This week's topic is 10 ways to deal with an overabundance of produce. Now this is my first year doing a CSA, so I might not know as much as people who have had successful gardens or spots in CSAs for the last few years. Still, I have been doing a reasonably good job of using up the veggies before they go bad (with less waste than I have during the winter months). It probably helps that I've been a vegetarian since 1992.
The hardest thing about using a ton of vegetables is that even if you are eating your recommended amount of vegetables each day you cannot necessarily eat the amount you get. My husband and I are splitting a single share with a family of four and still we both have tons of vegetables (and the times they are on vacation are even more vegetables than ever for us).
1. Prioritize. Some vegetables are hardier than others. Eat the ones more likely to go bad first. It's a simple triage, but it does make a difference.
2. List your produce. This is probably more rightly part of the triage idea. Each week when we get our CSA, we put the list of vegetables on the white board on the fridge with the date. We use the oldest vegetables first and erase them from the list as they are used up. You need to know what you have before you can even attempt to use it all.
3. Bread. Zucchini bread is not the only bread you can make, but it does nicely deal with fact that zucchini often grow like weeds! I have zucchini and summer squash that I will turn into bread this weekend just in time to get another basket full of the same things. I've made this cake which uses apples, carrots and potatoes, but I bet it would work well with zucchini or other easy to grate vegetables.
4. Frittata. We have an egg share as part of our CSA, so this for us is 2 birds with one stone. Frittatas are a great way to use up random vegetables. I have a mandoline, which makes cutting the vegetables in similarly sized pieces both quick and easy.
5. Stir Fry. I'm admittedly not much of a stir fry kind of gal, but it is a great way to use up vegetables.
6. Veggie burgers. I make this recipe and cook the burgers for a lower amount of time (15 minutes on the first side, 10 on the second) before storing them in the freezer. I've used salsa, pesto and artichoke hearts among other things to make many different burger flavors.
7. Pickles. I obviously like pickles, and the latest issue of Bon Appetit has an article about canning. One of the commenters complained that the article is pretentious, but the article isn't aimed at people who already do canning. It is there to show the possibilities to people like me who think canning is hard. This weekend I made the pickled beets (they are in the basement), pickled radishes, and kosher dill-style pickles. With a CSA we don't really have such an abundance of any one vegetable to make the full on summer canning kitchen really necessary, so I've also been eyeing this article.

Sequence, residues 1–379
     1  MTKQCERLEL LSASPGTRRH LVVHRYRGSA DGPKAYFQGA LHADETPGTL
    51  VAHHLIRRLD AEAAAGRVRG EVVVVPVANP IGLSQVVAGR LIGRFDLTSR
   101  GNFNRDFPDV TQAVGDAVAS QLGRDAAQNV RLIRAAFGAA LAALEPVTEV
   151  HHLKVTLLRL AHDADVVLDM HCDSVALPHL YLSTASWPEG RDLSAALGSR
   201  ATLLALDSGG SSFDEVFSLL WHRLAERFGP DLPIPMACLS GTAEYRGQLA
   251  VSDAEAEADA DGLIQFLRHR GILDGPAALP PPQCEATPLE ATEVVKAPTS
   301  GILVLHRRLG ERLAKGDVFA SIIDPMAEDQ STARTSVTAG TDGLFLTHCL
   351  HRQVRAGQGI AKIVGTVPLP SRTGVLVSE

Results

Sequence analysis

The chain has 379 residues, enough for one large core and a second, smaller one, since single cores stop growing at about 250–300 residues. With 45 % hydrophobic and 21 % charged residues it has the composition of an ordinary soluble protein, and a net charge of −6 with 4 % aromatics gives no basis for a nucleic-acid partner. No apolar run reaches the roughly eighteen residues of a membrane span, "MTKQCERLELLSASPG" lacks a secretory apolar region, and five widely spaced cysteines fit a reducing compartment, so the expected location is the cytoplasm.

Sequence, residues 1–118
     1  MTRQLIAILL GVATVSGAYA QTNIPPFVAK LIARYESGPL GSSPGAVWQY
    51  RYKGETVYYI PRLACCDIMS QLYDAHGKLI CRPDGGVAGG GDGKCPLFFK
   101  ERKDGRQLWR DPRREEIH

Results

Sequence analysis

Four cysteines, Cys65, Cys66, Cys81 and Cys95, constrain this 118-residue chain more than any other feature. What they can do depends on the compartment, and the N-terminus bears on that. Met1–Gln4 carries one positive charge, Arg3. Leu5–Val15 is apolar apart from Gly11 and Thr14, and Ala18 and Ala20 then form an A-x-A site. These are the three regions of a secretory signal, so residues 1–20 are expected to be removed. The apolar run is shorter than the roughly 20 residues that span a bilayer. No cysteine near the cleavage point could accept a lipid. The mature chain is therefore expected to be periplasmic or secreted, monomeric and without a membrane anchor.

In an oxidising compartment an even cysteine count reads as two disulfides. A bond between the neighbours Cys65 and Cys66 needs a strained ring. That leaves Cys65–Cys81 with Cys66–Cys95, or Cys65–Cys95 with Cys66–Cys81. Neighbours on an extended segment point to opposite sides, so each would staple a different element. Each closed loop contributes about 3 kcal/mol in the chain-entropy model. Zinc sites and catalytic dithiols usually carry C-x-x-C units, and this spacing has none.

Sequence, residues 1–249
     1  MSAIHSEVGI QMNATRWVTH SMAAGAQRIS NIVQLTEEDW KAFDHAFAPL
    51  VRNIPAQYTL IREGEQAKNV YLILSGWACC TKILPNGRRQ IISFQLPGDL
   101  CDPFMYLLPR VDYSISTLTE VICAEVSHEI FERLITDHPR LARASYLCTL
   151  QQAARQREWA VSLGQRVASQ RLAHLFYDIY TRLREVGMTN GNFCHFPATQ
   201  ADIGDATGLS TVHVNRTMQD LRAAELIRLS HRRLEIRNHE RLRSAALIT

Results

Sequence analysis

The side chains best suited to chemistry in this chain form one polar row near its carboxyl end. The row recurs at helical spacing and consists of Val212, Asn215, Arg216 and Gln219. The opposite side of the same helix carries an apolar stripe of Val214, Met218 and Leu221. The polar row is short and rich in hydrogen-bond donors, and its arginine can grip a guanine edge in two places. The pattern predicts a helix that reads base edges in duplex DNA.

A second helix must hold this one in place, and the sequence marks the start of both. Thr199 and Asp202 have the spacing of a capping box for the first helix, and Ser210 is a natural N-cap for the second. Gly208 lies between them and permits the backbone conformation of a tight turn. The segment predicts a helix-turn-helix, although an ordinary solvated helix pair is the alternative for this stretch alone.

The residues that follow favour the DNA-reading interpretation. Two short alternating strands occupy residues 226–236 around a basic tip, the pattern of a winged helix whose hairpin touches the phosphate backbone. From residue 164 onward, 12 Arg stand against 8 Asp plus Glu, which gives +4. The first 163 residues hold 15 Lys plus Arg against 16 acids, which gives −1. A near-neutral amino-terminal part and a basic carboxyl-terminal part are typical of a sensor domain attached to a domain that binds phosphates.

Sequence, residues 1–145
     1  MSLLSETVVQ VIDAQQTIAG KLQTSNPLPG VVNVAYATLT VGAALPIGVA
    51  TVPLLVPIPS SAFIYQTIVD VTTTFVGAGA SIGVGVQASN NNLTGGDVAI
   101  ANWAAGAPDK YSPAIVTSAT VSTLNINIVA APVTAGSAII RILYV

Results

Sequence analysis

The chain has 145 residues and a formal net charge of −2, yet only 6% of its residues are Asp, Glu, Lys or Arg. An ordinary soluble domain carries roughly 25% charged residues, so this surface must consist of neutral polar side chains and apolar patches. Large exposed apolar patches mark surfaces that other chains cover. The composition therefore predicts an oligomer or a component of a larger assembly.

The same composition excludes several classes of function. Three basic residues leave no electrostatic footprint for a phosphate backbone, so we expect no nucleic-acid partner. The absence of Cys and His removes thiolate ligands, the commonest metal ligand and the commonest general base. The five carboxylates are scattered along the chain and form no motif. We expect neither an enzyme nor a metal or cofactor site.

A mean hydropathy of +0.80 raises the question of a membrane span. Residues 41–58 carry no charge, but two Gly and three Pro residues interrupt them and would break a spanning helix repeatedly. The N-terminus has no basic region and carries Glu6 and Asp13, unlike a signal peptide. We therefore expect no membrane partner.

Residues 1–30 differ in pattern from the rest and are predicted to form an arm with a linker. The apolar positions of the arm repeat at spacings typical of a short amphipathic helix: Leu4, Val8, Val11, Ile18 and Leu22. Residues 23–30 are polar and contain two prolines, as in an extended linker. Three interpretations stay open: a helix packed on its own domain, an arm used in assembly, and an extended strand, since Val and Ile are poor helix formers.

8. Freezing things. I love corn, but my husband isn't a huge fan of corn on the cob. We are getting about 6 ears a week, which is a fairly large amount once you stop finishing the corn up each week. This past week I took most of the corn from the past couple of weeks and froze it. This is one of the guides (and this is the other) I used as I made both frozen cut corn last week and frozen cream style corn this week.
9. Jam and preserves. I made red currant jam last week, and I have cherries to make cherry preserves this week. It is easy and many fruits have enough pectin naturally that you do not need to add pectin to the cooking fruit. When properly preserved, these items can also just live in your pantry (which for me is the basement). I didn't do the full on water bath with the jam, so it is all in the freezer. I will be doing it with the cherries though!
10. Salad. I know people think of salads as boring, but it is a great way to use up tons of produce. It is also an easy way to make sure you are eating vegetables each day. So, add a salad to part of each dinner and you will at least use up the lettuce portion of the CSA without fail. Salads can also include slaws, which are a great vegetable user.
If none of this works and vegetables are going bad before you can use them up, you can always share your produce, give the greens to a family of deserving bunnies or compost the bad stuff. Just because your produce has gone bad doesn't mean that it cannot help you and your yard out!